Proposed fee cuts for family law barristers that would bring them in line financially with solicitors will lead to a 'massive exodus' of experienced advocates, the Association of Lawyers for Children (ALC) has warned.

The Legal Services Commission (LSC) announced at a press briefing this week that it would consult later this month on changes to the family graduated fee scheme that would reduce barristers' fees by around 15%.

However, Alistair MacDonald, joint chairman of the ALC, slated the planned cuts. He told the Gazette that 'the work is not well paid now and the proposed cuts will lead to a massive exodus from legally aided work', which would leave clients without sufficiently experienced representation and pose problems for the recruitment of family judges in the future.

The LSC claims the 15% reduction in fees will save £12 million over the next two years.

Crispin Passmore, director of the Community Legal Service at the LSC, said this initial fees cut would be followed by a second consultation in September 2008 and further fee reductions in 2010 - all designed to achieve parity in the amounts paid to barristers and solicitors for court work.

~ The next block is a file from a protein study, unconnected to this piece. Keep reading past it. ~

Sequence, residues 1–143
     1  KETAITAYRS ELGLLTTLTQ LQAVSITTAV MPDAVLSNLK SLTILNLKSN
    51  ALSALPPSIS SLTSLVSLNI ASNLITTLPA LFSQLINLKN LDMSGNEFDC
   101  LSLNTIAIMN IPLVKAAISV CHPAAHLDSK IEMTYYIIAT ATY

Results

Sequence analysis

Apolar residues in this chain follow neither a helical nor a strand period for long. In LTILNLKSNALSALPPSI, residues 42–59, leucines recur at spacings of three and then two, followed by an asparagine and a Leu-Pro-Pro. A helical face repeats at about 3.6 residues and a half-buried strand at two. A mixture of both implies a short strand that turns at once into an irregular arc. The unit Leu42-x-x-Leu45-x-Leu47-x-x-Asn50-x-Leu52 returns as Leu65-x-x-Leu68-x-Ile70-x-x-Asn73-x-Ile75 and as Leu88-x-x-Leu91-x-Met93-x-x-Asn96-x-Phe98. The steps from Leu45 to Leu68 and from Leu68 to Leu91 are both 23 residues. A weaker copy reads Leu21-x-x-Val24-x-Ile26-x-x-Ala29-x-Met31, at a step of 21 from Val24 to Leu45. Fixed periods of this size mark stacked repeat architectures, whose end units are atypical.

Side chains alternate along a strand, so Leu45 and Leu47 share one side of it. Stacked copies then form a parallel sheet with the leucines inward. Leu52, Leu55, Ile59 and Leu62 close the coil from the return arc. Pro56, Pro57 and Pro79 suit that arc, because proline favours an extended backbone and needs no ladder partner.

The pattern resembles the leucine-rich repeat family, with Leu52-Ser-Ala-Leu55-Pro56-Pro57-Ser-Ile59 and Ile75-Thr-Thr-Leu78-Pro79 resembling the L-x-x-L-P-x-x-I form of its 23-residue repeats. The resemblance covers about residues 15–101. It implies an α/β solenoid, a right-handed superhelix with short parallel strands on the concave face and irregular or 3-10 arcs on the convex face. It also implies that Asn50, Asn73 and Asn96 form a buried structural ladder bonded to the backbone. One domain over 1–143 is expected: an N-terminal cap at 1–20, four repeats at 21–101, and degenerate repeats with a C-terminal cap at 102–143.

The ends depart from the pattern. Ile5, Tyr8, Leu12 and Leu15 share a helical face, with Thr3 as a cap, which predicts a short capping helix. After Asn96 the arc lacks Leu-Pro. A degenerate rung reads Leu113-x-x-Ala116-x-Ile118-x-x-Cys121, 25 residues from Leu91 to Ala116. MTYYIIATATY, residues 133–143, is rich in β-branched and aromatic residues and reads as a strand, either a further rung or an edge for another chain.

He said the total annual spend on counsel for family work had risen from £71 million in 2003/04 to nearly £100 million now, and accounted for 10% of the total civil legal aid expenditure.

Law Society legal aid manager, Richard Miller said: 'We believe that, as a matter of principle, solicitors and barristers doing advocacy work should be paid the same for doing the same job. At the moment barristers do tend to get paid more than solicitors. This is as a result of a ?historical anomaly.'

Meanwhile, family lawyers' group Resolution claimed that family legal aid lawyers are becoming increasingly scarce and inaccessible.

It said there had been a massive decline in the number of family legal aid contracts - from 4,500 in 2000 to 2,735 now, and of that number, almost a third undertook less than 1% of the work.

However, the LSC claimed there was no shortage of providers and it was helping a greater number of people than ever before with the introduction of its telephone helpline, as well as looking at different ways of making advice available to clients.

Catherine Baksi